July 2011 Dedication

Nowy Dwor Mazowiecki High School Essay Competition on Tolerance.


The beginning of the excavation of the Matzevot in 2010 via YouTube (Polish)
Personal video of Memorial Wall and Ceremony posted by Slawomir Kalinowski via YouTube (Ze'ev Shaked's remarks are in English at 11:45 on the counter.)
Ceremony Presentations July 14 via YouTube (Polish & English)


Michal Nawrot, Wiesia Nawrot, Ze’ev Shaked,
Grzegorz Grzybowski, David Wluka and Yosef Kieliszek
The Front of the Memorial Wall
The Israeli Ambassador places flowers on the Front Wall
The Back of the Memorial Wall

November 12, 2015: 3rd annual Israeli and Nowy Dwor students meeting at the monument

3rd Gedera Israel-Nowy Dwor Student Meetings

From Tsvika Plachinski:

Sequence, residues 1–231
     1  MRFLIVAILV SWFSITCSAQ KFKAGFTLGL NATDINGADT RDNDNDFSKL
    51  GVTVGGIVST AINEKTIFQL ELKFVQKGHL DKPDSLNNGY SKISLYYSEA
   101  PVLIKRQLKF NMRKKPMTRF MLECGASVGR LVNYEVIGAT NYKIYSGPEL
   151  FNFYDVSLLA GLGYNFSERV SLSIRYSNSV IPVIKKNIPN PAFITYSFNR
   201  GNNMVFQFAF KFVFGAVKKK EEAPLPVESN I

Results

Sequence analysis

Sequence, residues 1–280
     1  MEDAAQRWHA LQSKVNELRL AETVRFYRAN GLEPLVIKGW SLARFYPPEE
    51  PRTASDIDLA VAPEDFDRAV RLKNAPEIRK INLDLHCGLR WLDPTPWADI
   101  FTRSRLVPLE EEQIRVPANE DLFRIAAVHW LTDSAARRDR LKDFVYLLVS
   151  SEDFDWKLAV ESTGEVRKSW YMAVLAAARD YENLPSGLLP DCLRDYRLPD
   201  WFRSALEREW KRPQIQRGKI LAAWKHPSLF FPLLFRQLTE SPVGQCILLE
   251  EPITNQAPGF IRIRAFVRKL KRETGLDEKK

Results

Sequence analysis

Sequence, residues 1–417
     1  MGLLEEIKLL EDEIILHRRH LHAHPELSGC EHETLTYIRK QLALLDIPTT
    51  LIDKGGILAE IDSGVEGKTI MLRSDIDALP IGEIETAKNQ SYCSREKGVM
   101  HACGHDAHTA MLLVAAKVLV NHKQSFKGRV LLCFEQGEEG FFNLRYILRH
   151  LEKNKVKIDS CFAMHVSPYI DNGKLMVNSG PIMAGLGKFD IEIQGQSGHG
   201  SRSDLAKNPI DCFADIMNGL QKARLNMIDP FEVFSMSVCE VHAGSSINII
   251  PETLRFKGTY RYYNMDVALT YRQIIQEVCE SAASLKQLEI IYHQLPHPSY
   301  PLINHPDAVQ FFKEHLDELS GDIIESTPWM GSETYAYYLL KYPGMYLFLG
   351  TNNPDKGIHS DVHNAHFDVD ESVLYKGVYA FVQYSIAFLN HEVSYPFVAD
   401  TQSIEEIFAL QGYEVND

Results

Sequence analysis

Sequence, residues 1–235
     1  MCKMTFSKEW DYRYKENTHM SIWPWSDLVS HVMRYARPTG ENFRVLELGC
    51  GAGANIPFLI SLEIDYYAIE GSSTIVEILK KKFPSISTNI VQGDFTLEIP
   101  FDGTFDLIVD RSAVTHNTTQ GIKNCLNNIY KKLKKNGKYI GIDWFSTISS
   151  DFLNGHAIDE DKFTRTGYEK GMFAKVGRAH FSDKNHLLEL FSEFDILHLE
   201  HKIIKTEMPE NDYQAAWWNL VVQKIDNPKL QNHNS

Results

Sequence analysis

I have just come back from Nowy Dwor from the third Israeli – Polish meeting. I don't know how to express my feelings. The meeting was very moving and actually I couldn't stop my tears seeing more than 90 Jewish – Israeli students and more than 15 escorts, entering the city "walking tall" and with no fear, marching into the Jewish cemetery with Israeli flags, and hearing the Tikva were especially moving. After hearing the Nowy Dwor story, the headmaster from Gedera, decided to come to Nowy Dwor herself even though she was not part of the delegation. She was very moved by the meetings between the Israeli and Polish students and by the cemetery ceremonies. I also invited teachers and students from Serock, the town where my grandmother was born, and they came with their headmaster. At the end of the day, the Serock headmaster and teachers ask me to arrange a similar meeting with their students. This is especially pleasing because it will be the children who will lead us out of the depths of hatred and intolerance that became the Holocaust and the plague that continues around the world today targeting us all. I was pleased and proud of how well the cemetery was prepared. It was very clean, fresh flowers and candles were everywhere, and the Israeli and Polish flags stood next to each other. I want to especially express my gratitude to Ze'ev Shaked, who met and paid the contractor for preparing the cemetery for this event. As I write, I have tears again, tears of joy and hope for us all as I watch these beautiful children from both countries talk, sing, and play with each other.